The PLN Benefits More than Just Those In It — a #SquadGoalsNetwork Reflection from Dr. Ryan Straight

The PLN Benefits More than Just Those In It — a #SquadGoalsNetwork Reflection from Dr. Ryan Straight

A reflection by Ryan Straight on the power of personal learning networks.

ACCESS – Does regular access to other individuals from other institutions and institutional perspectives challenge your definition of access and what it means? If so, how?

I suppose that depends on how we’re defining ‘access.’ It certainly does expose a vast array of differing, complementary, and critical views that should be considered when making decisions. Sometimes it seems as though a pit of “good enough” swallows us whole and, as long as we’re getting by, there’s no need to shift gears until something breaks and a fix is required. This, I feel, is self-defeating. Having access to others who may have had or are having similar experiences not only can open your eyes to solutions previously unconsidered but can save you time, energy, and pain. It may be a silly comparison but I’m reminded of a particular game mechanic in the Souls (et al.) video games, wherein other players’ ghosts (let’s say) are viewable by the player, demonstrating their actions just prior to death. At its core, this is actually a learning network! That’s not to say we can only learn from others’ failures; quite the opposite. Getting together prior to that—having access to these considerations and histories—makes us all better for it.

FACULTY SATISFACTION – How has your participation in the PLN benefitted faculty and colleagues at your home institution?

Well, as faculty, it’s benefited me in innumerable ways and likely in ways I haven’t realized yet. I’ve made wonderful friends through the PLN (though I’m inclined to say PLNs, as there are a few concentric and overlapping circles) and, through them, have learned about some amazing things I’ve turned around and brought back to my colleagues or even just directly implemented with my students. Ostensibly, I very much fall on the end-goal aspect of the Squad Goals Network but, between my field and general interests, I’m happy and thankful to have been brought in much deeper. I like to think my unique position and perspective has benefited the PLN in return (but that’s not up to me to decide!). I can say this, though: I’m faculty and I’m very satisfied.

LEARNING EFFECTIVENESS – When you reflect on your work, how has meeting and learning from individuals from other institutions and institutional perspectives helped you to clarify or re-define what it means for learning to be effective?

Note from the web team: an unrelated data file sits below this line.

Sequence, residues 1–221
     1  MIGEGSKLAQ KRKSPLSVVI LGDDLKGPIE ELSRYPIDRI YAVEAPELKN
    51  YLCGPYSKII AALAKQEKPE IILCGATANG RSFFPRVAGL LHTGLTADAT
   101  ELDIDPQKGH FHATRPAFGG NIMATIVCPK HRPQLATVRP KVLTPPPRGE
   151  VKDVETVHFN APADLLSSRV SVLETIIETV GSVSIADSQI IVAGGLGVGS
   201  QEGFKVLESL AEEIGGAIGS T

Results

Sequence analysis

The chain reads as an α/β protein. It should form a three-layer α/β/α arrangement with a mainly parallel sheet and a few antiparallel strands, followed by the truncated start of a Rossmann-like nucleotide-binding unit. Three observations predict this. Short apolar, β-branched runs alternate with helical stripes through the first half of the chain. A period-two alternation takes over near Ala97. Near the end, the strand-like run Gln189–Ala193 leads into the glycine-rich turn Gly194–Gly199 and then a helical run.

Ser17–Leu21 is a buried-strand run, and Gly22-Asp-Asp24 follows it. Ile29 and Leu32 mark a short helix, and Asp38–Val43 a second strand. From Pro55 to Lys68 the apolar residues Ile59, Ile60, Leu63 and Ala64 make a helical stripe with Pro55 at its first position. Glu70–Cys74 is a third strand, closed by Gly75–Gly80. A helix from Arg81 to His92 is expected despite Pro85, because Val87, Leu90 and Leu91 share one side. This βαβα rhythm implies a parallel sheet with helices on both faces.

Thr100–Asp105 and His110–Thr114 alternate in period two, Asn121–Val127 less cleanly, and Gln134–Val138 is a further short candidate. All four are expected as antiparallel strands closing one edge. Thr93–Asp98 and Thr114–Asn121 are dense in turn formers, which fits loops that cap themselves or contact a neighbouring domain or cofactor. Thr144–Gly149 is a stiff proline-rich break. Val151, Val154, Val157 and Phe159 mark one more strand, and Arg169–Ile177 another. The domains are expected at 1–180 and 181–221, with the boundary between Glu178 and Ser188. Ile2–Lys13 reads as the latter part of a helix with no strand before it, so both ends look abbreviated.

How hasn’t it? I’m a lot like Jess, in that I tend to work alone. I suppose this stems from the nature of doing graduate work—working on a graduate degree is at its core a selfish venture until it’s over, at which point you’re bound to be selfless—combined with the majority of work done in academe, from developing lesson plans, to teaching prep, to grading, to keeping up on research, to writing, to administrative requirements. Basically, you spend a lot of time inside your own head, for better or worse. Having the PLN allows for a space that’s essentially supportive and collaborative, where I can bounce ideas off folks with similar interests but vastly different backgrounds and ways of thinking. The resultant synergy is palpable, even virtually. It’s one thing to see a citation of an article or book and think, “Hm, I should add that to my list.” It’s another for someone you like and respect to suggest it. Not only are you more likely to actually incorporate that information and research into your worldview and thought process, you have someone with whom to discuss it and expand even beyond that. Learning is essentially social, whether it’s a dialog between you and an author, or amongst a network of thinkers and doers.

SCALE – Is the PLN scalable and/or replicable by others at other institutions/organizations? If so, how? What challenges do you encounter?

I would imagine so. Again, I think of myself very much on the receiving end of it rather than the development side, but especially with communication platforms like Twitter and, more recently, Slack, distance and scheduling—two show-stopping concerns when it came to collaboration—are virtually problems of the past. I like to think of the PLN as existing in a liminal space, between asynchronous and synchronous discussions (call it hybrid, or “H-synchronous,” if you like): you can chat in real-time or continue in a slow chat over the span of days, both without changing the medium or platform. The difficulty that I see is less about access or implementation and more about humans and how many people we can deal with at once. This goes back to my earlier mention of concentric and overlapping circles relating to PLNs. Maybe I’m just not as naturally social as others, who knows?

STUDENT SATISFACTION – Do you feel that your involvement and/or collaboration with the PLN has helped you create better student experiences at at your institution?

As far as my own classes go, absolutely. The opportunities the PLN has provided me—be they in official or unofficial capacities—has directly translated to benefits to my students, mostly in my skills and knowledge as a teacher, but also because, simply put, being around like-minded, excited people (virtually or otherwise) gets me fired up and that excitement transfers directly to the class environment and ecosystem. The only thing worse than a boring teacher is a bored one. I’ve found the PLN goes a long, long way in this regard.

About the Author /

ryan@ryanstraight.com

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